Eat This Carb and You Won't Gain Weight

Carbohydrates sound so innocent: mere starches, sugar and fiber that the body uses for energy. Yet health-conscious Americans despise them, designing entire diets just to cut them out.

Weight Loss Guide

Rice Calories Can Be Cut in Half With This Trick
healthiest foods, health food, diet, nutrition, stock, bananas, fruit
Are Bananas Really Worth the Calories?
Close-Up Of Milk Bottle On Table
The Case Against Low-fat Milk Is Stronger Than Ever
This Is the Best Type of Exercise for Weight Loss
How to Feel Thinner in 30 Minutes
You Asked: Is Hot Yoga Good For You—And For Weight Loss?

But out of the pile of cast-off carbs, there are some you should keep. New research around a certain kind of carb, called “resistant starch,” suggests that they could be a key way to help control weight.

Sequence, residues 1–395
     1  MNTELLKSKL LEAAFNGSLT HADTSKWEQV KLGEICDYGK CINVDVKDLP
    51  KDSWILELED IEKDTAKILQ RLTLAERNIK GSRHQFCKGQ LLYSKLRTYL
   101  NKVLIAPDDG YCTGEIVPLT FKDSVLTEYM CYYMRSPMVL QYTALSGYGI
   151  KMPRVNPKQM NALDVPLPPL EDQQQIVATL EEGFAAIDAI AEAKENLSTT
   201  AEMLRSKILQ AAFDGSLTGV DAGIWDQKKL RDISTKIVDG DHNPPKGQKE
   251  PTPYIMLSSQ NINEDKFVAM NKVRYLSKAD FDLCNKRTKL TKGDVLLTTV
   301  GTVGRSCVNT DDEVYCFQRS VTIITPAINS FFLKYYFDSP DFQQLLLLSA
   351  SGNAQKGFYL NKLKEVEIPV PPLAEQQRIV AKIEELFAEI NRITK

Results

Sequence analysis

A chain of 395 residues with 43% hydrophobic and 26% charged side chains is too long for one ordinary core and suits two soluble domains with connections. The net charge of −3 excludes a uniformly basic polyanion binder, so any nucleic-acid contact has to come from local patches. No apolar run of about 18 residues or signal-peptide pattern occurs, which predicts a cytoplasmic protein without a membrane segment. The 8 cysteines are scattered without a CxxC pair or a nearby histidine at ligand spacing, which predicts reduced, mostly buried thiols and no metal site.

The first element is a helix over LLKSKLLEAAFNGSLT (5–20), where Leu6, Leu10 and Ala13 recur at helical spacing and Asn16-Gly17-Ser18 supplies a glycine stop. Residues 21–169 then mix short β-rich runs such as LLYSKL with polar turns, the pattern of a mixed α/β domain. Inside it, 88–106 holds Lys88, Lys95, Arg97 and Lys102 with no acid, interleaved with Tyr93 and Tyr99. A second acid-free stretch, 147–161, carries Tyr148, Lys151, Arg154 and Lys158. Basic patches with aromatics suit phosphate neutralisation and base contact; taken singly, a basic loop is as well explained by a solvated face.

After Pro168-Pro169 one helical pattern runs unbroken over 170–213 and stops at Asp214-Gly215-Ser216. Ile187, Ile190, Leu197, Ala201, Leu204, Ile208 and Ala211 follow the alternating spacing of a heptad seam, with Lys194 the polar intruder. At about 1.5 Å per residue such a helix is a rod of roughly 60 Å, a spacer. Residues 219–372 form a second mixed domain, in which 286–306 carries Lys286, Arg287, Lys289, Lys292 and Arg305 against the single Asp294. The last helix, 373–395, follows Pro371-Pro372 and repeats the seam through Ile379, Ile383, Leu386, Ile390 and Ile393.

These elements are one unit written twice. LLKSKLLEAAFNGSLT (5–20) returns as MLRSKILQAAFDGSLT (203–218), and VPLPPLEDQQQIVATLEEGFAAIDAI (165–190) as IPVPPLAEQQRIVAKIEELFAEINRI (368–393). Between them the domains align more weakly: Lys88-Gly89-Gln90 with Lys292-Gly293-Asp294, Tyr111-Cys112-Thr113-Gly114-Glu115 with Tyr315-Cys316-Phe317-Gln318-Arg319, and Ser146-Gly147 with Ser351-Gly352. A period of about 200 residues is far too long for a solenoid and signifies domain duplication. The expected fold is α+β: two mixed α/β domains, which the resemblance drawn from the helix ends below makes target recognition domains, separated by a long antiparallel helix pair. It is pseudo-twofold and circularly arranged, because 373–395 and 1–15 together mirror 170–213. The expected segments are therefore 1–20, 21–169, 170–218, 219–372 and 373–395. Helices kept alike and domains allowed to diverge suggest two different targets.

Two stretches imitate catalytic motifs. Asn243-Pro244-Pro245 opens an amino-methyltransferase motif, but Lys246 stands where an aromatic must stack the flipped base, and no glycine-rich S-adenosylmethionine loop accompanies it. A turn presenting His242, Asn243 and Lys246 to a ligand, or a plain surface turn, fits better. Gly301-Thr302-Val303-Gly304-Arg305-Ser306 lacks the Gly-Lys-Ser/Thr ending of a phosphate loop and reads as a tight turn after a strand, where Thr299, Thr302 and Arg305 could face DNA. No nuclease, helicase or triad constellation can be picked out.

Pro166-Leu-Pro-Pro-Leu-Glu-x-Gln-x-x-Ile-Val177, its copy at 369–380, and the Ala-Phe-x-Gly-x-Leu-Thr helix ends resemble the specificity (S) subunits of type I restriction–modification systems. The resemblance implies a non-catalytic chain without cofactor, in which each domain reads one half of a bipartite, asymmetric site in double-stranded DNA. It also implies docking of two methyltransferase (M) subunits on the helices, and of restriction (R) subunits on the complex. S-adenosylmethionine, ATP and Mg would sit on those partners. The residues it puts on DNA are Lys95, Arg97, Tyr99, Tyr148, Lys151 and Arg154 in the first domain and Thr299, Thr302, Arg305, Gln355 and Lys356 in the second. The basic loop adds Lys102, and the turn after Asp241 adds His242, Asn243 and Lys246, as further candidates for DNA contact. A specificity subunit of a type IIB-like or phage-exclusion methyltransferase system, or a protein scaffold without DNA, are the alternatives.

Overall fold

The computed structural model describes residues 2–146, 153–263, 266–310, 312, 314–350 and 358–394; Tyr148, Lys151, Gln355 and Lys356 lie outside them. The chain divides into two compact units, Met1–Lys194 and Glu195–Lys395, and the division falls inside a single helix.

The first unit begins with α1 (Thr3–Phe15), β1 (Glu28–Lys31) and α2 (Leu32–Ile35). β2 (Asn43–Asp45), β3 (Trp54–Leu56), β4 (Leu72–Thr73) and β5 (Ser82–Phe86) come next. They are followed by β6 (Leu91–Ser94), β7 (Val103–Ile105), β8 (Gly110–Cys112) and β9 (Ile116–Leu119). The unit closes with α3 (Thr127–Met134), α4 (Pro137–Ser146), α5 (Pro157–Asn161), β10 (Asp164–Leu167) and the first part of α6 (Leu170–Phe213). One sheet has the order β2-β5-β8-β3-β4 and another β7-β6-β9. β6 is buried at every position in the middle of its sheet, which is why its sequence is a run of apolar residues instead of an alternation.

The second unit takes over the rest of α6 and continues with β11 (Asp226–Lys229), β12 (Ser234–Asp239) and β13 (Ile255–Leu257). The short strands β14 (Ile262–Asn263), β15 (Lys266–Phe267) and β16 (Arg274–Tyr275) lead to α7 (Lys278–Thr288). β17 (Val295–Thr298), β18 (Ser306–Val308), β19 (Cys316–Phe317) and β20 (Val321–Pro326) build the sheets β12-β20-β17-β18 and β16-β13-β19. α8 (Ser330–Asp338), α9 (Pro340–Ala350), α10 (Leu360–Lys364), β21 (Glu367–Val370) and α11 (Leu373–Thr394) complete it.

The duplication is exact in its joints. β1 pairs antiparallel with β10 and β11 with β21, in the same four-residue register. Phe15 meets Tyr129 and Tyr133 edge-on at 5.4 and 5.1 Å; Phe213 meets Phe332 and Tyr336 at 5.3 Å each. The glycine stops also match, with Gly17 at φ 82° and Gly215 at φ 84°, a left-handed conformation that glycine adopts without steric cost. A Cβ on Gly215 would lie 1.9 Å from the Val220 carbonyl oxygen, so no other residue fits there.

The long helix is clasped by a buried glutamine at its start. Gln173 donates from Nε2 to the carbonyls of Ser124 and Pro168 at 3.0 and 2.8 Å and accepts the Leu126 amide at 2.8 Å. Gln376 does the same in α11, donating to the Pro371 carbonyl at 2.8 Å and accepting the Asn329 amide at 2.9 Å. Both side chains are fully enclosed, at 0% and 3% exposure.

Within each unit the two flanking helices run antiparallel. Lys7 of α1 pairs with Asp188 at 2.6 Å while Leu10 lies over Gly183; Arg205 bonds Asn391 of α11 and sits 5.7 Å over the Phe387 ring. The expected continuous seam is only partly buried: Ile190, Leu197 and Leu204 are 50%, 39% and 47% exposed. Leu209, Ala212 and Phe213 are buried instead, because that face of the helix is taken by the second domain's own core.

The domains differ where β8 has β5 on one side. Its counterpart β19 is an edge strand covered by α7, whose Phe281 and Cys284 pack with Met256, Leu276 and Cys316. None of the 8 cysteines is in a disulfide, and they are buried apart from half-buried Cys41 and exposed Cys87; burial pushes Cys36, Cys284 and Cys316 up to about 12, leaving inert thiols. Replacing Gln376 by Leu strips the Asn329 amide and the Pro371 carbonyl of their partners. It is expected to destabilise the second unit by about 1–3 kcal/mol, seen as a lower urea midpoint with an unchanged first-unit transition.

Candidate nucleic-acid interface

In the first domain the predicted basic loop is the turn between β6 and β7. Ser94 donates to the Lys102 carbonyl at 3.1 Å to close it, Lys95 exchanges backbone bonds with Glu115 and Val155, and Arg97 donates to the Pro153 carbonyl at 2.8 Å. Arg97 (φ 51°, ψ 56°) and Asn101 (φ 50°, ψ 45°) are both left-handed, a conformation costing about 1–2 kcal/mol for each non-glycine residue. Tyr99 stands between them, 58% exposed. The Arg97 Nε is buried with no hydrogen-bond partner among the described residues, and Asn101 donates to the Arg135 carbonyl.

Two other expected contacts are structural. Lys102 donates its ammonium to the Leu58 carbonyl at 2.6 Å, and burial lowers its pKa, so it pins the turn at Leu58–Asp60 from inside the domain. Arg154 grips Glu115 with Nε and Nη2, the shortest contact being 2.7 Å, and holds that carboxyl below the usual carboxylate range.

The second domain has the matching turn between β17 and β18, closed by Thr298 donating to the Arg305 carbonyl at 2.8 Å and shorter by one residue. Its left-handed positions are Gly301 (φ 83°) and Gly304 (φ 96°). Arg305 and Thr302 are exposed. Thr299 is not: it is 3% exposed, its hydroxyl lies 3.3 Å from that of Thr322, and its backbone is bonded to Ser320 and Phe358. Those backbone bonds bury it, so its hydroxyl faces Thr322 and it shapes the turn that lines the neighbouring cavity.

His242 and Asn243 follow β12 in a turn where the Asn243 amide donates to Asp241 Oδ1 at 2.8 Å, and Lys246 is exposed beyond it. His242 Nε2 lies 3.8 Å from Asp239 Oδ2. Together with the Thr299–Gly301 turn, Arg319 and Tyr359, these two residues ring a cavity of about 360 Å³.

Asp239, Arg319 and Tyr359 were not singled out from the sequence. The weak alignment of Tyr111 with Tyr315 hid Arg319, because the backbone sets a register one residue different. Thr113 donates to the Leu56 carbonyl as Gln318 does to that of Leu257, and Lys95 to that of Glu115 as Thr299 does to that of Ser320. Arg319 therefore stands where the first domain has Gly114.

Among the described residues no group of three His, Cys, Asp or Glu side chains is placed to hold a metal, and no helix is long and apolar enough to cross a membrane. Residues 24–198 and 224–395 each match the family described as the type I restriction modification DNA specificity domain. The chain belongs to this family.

When we eat refined carbohydrates, like white bread and cookies, our bodies absorb them very quickly, and the hormone insulin ushers them into our cells. Eat a lot of them, and the body will store most of those calories instead of burning them—which is why we gain weight on high-carb diets.

But that's not the case with resistant starches, so named because they resist digestion. These kinds of carbs bypass the small intestine (where most food is digested) and head to the large intestine (also known as the colon) to be metabolized. There, they're fermented and turned into short-chain fatty acids, which the body burns as energy. Resistant starches also serve as powerful prebiotics—food for intestinal bacteria in the colon.

TIME HealthGet the latest health and science news, plus: burning questions and expert tips. View Sample
TIME may receive compensation for some links to products and services on this website. Offers may be subject to change without notice.